Victorian hospital pioneers use of newborn swaddling sleep sacks

Wrapping a wriggly newborn is one of the first things we’re taught in Australian hospitals, post-birth. We’re told it reduces startle reflexes, and will help our babies sleep longer (yes, please!). But a Victorian hospital is pioneering a swaddle changing-of-the-guard – becoming the first in the nation to adopt the use of a unique swaddle-sleep sack hybrid. 

Seeing a sweetly sleeping swaddled newborn is enough to convince most parents that the time-honoured technique of wrapping is a godsend. The Mercy Hospital for Women, in the north-west Melbourne suburb of Heidelberg, has just completed a trial of a unique baby swaddle called the Halo SleepSack Swaddle. It’s proved so popular with new parents that it’s been adopted permanently in the maternity ward.

The Halo is already being used in North America, with the ultimate aim of reducing the risk of SIDS. It looks a lot like a sleeping bag, and has holes which allow the baby’s arms to remain free. The hospital says the HALO also reduces the pressure on the baby’s hips, and makes for easy nappy changes with a zip or press stud option. It was designed by a US engineer who lost his child to SIDS.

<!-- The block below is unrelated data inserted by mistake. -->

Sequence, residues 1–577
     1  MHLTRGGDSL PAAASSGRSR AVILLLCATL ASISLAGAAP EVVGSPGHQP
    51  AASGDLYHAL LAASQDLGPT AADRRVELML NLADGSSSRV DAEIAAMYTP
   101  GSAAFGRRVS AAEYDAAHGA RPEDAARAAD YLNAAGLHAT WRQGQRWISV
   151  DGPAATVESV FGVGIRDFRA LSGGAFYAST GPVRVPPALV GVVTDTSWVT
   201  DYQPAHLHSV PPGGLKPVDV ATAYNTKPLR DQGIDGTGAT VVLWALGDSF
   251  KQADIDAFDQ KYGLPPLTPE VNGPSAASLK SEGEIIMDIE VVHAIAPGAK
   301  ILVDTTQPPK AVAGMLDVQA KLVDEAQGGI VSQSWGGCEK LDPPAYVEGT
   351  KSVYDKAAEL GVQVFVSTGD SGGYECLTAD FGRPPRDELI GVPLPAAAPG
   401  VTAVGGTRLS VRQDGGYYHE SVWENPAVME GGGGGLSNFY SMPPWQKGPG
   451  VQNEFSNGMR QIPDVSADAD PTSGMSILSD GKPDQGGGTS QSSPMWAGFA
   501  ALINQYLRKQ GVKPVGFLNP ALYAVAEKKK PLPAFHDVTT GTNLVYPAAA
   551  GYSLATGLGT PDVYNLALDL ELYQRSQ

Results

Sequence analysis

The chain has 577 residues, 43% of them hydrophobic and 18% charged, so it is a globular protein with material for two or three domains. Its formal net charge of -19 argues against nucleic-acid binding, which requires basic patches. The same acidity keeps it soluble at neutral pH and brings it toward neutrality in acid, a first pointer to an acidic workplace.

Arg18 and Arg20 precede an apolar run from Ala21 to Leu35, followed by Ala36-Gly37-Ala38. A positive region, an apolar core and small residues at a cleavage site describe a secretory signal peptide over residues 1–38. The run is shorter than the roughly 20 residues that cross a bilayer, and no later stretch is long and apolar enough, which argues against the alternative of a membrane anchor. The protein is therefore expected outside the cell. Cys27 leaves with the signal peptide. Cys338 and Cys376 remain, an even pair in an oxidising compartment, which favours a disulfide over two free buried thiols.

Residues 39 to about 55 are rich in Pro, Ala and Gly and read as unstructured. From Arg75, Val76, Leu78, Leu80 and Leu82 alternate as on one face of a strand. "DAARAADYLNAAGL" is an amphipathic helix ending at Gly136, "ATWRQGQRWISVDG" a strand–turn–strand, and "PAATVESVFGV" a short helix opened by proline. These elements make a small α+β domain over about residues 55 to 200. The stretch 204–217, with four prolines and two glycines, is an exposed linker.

The Halo was introduced to the Mercy by Cindy Davenport from Safe Sleep Space, who used to work at the hospital as a midwife. She says, “They are a lot better, because it means the babies are sleeping in a safer environment. The sleep sack replaces loose blankets in the cot that can cover a baby’s face and interfere with breathing.

“I honestly think this will be used across Australia and will change the way we swaddle children.”

The hospital says that most participants in the trial said the Halo helped settle their babies, and that their newborns were sleeping safely.

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